“Companies [today] are competing with everyone from everywhere for everything.” So say the authors of Globality, a new book about the latest phase of globalization. The Economist quotes those words approvingly in its most recent report on globalization, “A Bigger World.”
Both the book and the Economist favor the global economy as it is, not as it should be. They reflect the perspective of a leading economist, N. Gregory Mankow, former chairman of the Council of Economic Advisors. He holds that when you invoke ethics or morality, you leave the economics department and go over to the philosophy department.
Over at LaSalle University in Philadelphia, a professor of economics, David George, has published a fascinating study, "On being ‘competitive’: the evolution of a word." Diligently, he tracks the six-decade-long evolution of “competitive” as the label for a limited characteristic, or idea, into a universal ideal with frequent perverse results. For example:
“Amazingly, the firm that is least able to be described as ‘competitive’ by the old definition (a single firm in a sea of many firms) now is most able to be described as ‘competitive’ under the new definition (a victorious or most [competitive] firm).”
Most significantly, George shows that "competitiveness" has acquired an excessively high positive value in the business and the public mind. This poses a serious temptation to the Obama administration as a priority goal of its global economic policy. If Obama succumbs, he would be continuing the disastrous policies of the Bush administration.
Let’s leave the world of Real-World Economics Review, where George’s study appears, for the real world where the consequences of the new meaning of competitive are often very perverse. What does it mean to be competitive with everyone from everywhere for everything? When unfettered competition drives economic policy?
It means, as some Southern senators have proposed, cutting the wages of Detroit auto workers to the level of those who work for Japanese-owned non-union plants in the South. It means, too, something that pro-competitive advocates won’t discuss: gradually bringing the wages of all American workers, white- and blue-collar employees, in line with the wages of workers in China and other competitive countries in our bigger world.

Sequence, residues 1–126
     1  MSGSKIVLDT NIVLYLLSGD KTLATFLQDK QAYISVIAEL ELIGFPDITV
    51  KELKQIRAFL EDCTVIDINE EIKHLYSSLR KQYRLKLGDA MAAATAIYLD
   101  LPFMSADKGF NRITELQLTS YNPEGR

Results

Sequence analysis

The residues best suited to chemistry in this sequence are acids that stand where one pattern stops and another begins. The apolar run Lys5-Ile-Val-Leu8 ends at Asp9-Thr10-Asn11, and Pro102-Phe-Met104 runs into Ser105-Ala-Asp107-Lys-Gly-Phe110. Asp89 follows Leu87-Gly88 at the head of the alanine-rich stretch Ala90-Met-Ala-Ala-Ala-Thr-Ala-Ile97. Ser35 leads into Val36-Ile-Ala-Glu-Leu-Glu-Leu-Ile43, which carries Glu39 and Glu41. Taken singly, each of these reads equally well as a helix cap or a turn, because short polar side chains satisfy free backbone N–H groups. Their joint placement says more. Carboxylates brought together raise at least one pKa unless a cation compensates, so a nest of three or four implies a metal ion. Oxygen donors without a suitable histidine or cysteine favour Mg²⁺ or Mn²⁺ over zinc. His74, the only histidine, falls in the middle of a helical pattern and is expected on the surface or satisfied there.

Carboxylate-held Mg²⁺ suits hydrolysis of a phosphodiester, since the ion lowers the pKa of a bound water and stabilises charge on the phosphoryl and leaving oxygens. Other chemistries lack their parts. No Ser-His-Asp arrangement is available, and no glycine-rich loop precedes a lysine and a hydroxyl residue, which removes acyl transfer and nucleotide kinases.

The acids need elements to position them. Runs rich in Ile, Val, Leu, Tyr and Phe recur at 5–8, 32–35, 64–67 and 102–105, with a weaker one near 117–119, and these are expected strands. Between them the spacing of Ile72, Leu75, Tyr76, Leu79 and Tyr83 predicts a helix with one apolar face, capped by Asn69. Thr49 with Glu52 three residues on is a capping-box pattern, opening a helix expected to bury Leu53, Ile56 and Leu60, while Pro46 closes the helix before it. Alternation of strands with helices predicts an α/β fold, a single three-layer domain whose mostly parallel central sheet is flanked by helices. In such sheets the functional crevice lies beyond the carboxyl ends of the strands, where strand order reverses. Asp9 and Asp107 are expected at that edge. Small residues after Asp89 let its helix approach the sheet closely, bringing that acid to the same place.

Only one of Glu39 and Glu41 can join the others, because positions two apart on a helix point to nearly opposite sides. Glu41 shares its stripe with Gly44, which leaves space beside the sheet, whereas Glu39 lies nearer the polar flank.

But it also means far more than that. American workers cannot be truly competitive until they meet many more conditions of the bigger world, such as:
—cutting or eliminating company health care benefits, a process that has already begun.
—reducing government inspection of labor conditions, another process that is far along.
—trimming private pension plans, also well under way
—eliminating on-job discrimination programs against women and minorities
Those are just a few examples of the consequences of modern competitiveness, of how the “competitive” bandwagon imperils the whole range of human achievements gained (despite stiff resistance) in the United States.
No wonder globalization is in crisis. Competition has gone bezerk.
The sage of Singapore, Lee Kuan Yew, saw it coming. In a special section of the Economist 15 years ago, he predicted what globalization held in store for the United States. “America’s top 10% will enjoy the highest incomes in the world. But the wages of its less-educated citizens will drop to those of workers in the developing countries.”
That trend did not disturb Lee, a self-confessed social Darwinist. He and his government vigorously opposed any global regulation that would, for example, put limits on employing under-age boys and girls full time in factories.
Pope John Paul II extolled a different approach. In an address to more than 200,000 people on May Day eight years ago, he declared: “Globalization is a reality present today in every area of human life, but it is a reality which must be managed wisely. Solidarity too must become globalized.”
Which brand of globalization will the Obama administration follow? I wish I knew.
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